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Item picking order fulfillment involves picking separate items – single units of an SKU, while for case picking, the order is made up of entire cases or cartons. This simple definition, however, masks a profound difference in labor and space requirements and the types of technologies that can be used to automate and optimize item picking and case picking order fulfillment.
In short, while there are plenty of technologies to automate item picking, for case picking, new solutions based on advanced autonomous robotics are finally offering a route to break through the efficiency barrier.
The difference between item picking and case picking
Item picking is the core operation in fulfillment centers, with orders usually shipped to end consumers. On the other hand, case picking is typical for distribution centers where orders are destined for fulfillment centers or brick-and-mortar stores.
Due to the sheer size difference of entire case vs. single item, case picking order fulfillment requires much more space. However, the increasing real estate costs put extra pressure on maximizing productivity and efficiency.
Case picking is also much more difficult to automate. And that means it’s much more vulnerable to labor shortages.
Why is case picking order fulfillment difficult to automate?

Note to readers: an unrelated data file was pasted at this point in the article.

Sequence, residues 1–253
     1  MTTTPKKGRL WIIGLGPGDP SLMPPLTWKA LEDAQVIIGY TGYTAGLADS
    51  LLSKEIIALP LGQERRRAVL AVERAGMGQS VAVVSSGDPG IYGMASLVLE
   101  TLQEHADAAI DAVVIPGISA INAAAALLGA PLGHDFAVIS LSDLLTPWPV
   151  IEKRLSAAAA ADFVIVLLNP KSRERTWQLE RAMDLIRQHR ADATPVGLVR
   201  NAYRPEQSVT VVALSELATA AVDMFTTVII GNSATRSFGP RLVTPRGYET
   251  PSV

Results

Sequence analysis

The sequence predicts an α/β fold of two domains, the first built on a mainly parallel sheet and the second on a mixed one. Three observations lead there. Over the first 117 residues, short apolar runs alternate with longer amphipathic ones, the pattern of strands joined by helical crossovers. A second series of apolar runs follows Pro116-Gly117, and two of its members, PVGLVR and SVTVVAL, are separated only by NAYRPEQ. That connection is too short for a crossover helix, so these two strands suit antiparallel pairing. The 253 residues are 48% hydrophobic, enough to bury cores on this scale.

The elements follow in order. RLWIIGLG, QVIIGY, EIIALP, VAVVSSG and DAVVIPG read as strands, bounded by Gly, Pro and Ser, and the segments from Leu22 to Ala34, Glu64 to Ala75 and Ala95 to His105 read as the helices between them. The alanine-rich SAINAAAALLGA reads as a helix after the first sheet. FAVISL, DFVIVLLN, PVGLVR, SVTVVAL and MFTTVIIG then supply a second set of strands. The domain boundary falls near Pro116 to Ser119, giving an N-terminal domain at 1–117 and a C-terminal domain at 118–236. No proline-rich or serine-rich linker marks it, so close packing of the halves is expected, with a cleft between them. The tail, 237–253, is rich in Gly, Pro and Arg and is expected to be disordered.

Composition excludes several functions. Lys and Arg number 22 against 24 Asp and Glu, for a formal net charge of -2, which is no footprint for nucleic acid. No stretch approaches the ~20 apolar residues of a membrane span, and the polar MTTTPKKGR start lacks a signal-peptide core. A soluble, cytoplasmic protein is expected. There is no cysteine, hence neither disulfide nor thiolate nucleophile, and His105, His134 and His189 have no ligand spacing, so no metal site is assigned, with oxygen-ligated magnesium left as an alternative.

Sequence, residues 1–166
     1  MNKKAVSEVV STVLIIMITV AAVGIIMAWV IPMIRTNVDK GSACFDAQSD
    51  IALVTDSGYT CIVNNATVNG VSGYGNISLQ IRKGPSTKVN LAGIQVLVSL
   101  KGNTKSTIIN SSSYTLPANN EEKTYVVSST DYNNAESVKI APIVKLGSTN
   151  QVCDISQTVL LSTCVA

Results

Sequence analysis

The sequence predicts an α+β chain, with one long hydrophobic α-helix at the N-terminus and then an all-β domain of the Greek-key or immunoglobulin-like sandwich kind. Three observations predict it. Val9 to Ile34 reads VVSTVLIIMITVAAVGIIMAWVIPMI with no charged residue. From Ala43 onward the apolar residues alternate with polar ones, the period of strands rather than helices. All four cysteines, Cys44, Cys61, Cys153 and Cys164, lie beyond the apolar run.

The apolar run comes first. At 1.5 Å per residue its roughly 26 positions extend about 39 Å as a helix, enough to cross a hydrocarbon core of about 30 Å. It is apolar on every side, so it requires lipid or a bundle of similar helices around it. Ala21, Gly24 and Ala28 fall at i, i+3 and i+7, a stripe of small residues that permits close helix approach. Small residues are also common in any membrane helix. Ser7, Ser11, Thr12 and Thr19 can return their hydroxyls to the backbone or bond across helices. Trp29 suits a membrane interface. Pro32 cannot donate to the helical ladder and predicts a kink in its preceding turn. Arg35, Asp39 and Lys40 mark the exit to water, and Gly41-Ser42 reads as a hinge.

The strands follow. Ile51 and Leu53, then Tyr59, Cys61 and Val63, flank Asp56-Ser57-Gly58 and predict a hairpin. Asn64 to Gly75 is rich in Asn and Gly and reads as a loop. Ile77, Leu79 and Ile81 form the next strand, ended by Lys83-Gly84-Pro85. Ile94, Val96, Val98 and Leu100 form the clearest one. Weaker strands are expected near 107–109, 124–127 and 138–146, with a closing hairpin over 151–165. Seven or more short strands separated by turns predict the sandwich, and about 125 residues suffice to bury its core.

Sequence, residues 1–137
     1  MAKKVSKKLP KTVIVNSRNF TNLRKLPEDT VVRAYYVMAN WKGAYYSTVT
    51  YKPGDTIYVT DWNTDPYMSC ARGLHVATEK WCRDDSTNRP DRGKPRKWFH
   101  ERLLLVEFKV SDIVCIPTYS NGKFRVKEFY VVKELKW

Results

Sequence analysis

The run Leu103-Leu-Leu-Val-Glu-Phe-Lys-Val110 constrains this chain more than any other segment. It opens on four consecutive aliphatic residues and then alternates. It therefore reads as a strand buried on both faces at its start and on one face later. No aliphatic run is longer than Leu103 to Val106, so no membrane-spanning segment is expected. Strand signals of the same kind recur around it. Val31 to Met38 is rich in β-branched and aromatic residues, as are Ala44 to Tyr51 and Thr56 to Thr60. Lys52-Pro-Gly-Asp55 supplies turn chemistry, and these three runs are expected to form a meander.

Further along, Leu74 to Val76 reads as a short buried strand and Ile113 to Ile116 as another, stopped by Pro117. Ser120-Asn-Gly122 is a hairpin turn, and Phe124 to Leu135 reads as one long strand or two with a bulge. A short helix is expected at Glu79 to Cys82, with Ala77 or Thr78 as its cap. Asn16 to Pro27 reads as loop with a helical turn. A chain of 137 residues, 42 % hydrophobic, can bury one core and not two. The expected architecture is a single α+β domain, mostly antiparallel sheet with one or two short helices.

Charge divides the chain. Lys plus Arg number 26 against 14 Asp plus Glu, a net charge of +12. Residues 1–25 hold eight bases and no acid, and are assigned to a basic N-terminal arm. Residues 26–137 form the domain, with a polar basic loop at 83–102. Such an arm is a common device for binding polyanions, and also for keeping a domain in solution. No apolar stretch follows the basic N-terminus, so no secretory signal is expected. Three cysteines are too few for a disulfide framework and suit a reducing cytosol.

Case picking – still – relies almost entirely on manual picking and the traditional people-to-goods workflows. The reason? Most automation technologies widely used for item picking simply don’t translate to case picking.
For example, automated storage and retrieval systems would have to be immense to be practical for most case-picking operations. Any other kind of goods to people – small shelves carried by small non-collaborative robots to pickers, for example – are also difficult to apply to case picking.
So, for typical case-picking operations, there’s no other choice but to rely on the traditional workflow. A picker usually uses a ride-on pallet truck, drives from a picking location to a picking location, gets down from the pallet truck, places the case on the pallet, climbs back up on the pallet truck, and moves on.
Pick-per-voice or wearables may help shave off some time per order, but not much else. In a typical distribution center, a (case) picker is still likely to spend half of their shift just riding from A to B. At a time of severe labor shortages, that is a lot of unproductive time.
Using autonomous robots to automate case picking
Case picking comes with its own set of challenges that are entirely different from item picking. This is why the autonomous mobile robotics solutions designed for item picking can’t simply be applied to case picking.
“One of the main challenges is that the environment of case picking is highly dynamic,” explains Wassim El Hariri, Product Manager at Gideon.
“If we look into a distribution center, we’ll find a lot of pallets – left and right, stored temporarily on any available floor space. There aren’t many fixed, permanent features in space, making it very challenging for a traditional AMR to navigate. And a worst-case scenario would be a bulk storage where you have almost no references.”
Casey, Gideon’s pioneering solution for case picking order fulfillment, hits just this sweet spot. The solution combines Gideon’s advanced autonomous mobile robots, capable of navigating spaces as complex as distribution centers, with our optimization software that organizes people and robots into separate workflows. Casey AMRs (Autonomous Mobile Robot) can thus drive autonomously, taking over those long A-to-B rides, and meet pickers at picking locations.
Let your pickers focus on picking and discover how Casey can help automate your case picking order fulfillment.